On Wednesday afternoon, Georgetown University faculty members and students met at the second town hall about the curriculum and faculty hiring changes recommended by the Academic Working Group last week. While there were only a handful of faculty members who were not associated with the Academic Working Group present at the town hall, students filled the rest of the seats in White Gravenor 208, and some stood at the back and sides of the room.
Chaired by Professors Eusebio Mujal-León of the Government Department and Veronica Salles Reese, the Director of the Spanish and Portuguese, the Academic Working Group is one of three working groups that President John DeGioia established last spring in response to the Student Commission for Unity to increase diversity at Georgetown University. The group is made up of seven students and eleven faculty members.
“We proposed three major avenues,” said Mujal-León, who began the meeting by summarizing the recommendations proposed in the Academic Working Group’s report. “[The first leg] is increasing or extending the hires [of faculty] who are of underrepresented persons in society. The second leg is placing these hires in departments in order to enhance African American studies, Latino Hispanic studies, and Asian American Studies. The third leg is a diversity requirement for students.”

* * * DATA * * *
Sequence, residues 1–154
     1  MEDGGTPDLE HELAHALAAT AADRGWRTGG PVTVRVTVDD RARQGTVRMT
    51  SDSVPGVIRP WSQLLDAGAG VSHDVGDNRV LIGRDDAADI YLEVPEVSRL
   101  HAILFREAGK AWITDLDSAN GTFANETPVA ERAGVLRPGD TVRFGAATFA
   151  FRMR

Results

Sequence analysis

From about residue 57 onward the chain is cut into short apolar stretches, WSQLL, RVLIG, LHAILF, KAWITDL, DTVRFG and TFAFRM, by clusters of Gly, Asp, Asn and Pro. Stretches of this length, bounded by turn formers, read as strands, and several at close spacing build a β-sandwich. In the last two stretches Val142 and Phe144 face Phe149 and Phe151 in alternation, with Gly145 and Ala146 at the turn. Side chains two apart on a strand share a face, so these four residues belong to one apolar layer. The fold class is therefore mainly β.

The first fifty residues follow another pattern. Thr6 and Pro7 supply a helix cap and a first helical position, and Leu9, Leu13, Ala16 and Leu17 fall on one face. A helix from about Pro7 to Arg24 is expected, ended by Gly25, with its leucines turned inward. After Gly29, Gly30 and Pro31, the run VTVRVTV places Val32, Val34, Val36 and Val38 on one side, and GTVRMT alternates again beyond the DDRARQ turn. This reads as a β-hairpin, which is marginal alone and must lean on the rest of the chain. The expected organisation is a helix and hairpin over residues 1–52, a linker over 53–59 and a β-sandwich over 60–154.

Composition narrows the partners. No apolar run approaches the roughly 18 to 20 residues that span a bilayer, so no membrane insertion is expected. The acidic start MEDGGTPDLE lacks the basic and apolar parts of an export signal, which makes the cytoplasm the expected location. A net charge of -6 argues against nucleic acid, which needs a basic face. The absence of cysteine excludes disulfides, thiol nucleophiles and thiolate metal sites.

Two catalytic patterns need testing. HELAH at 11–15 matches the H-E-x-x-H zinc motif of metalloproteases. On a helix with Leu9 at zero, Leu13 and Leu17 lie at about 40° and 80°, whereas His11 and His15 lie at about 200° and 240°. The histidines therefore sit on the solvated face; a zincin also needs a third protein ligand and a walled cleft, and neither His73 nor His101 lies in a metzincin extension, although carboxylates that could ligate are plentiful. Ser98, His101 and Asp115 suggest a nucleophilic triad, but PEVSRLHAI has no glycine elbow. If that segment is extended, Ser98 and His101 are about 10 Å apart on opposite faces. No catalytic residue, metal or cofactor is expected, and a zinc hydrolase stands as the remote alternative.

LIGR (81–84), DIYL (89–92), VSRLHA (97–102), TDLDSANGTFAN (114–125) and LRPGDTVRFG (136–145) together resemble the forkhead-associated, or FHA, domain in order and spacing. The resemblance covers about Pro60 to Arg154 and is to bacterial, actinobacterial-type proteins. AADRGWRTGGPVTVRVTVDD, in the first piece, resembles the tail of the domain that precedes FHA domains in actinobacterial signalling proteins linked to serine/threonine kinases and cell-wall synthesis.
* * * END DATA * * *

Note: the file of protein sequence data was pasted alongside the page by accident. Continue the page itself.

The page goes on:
In his introduction, Mujal-León acknowledged that there were still disagreements between students and faculty on some recommendations within the Academic Working Group. He also addressed the proposed diversity requirement for the curriculum, which is contested by many students and faculty members.
The Academic Working Group currently suggests that the core curriculum should be amended to include two courses that have a “diversity stamp.”
Salles Reese explained the requirement, by contrasting it with other required courses at Georgetown, like theology. While “theology is part of a department,” she said, “diversity has different definitions to different groups. A historian may see ‘diversity’ differently than someone who is a sociology professor.”